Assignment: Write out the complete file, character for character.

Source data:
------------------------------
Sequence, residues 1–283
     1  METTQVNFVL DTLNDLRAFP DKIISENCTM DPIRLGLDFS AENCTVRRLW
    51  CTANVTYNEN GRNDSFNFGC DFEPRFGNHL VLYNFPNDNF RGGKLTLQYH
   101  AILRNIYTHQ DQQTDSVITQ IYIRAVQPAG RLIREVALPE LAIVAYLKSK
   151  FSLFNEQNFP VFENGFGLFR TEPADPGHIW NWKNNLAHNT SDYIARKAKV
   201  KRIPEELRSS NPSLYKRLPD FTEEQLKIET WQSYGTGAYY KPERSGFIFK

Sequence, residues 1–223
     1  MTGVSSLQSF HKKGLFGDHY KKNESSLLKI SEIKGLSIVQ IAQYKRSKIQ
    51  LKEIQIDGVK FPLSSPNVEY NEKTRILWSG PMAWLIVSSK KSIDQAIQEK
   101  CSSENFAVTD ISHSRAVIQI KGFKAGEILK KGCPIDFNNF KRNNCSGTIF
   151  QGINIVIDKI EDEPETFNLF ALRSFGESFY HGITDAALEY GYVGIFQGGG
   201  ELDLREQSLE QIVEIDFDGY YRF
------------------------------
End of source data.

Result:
Sequence, residues 1–283
     1  METTQVNFVL DTLNDLRAFP DKIISENCTM DPIRLGLDFS AENCTVRRLW
    51  CTANVTYNEN GRNDSFNFGC DFEPRFGNHL VLYNFPNDNF RGGKLTLQYH
   101  AILRNIYTHQ DQQTDSVITQ IYIRAVQPAG RLIREVALPE LAIVAYLKSK
   151  FSLFNEQNFP VFENGFGLFR TEPADPGHIW NWKNNLAHNT SDYIARKAKV
   201  KRIPEELRSS NPSLYKRLPD FTEEQLKIET WQSYGTGAYY KPERSGFIFK

Sequence, residues 1–223
     1  MTGVSSLQSF HKKGLFGDHY KKNESSLLKI SEIKGLSIVQ IAQYKRSKIQ
    51  LKEIQIDGVK FPLSSPNVEY NEKTRILWSG PMAWLIVSSK KSIDQAIQEK
   101  CSSENFAVTD ISHSRAVIQI KGFKAGEILK KGCPIDFNNF KRNNCSGTIF
   151  QGINIVIDKI EDEPETFNLF ALRSFGESFY HGITDAALEY GYVGIFQGGG
   201  ELDLREQSLE QIVEIDFDGY YRF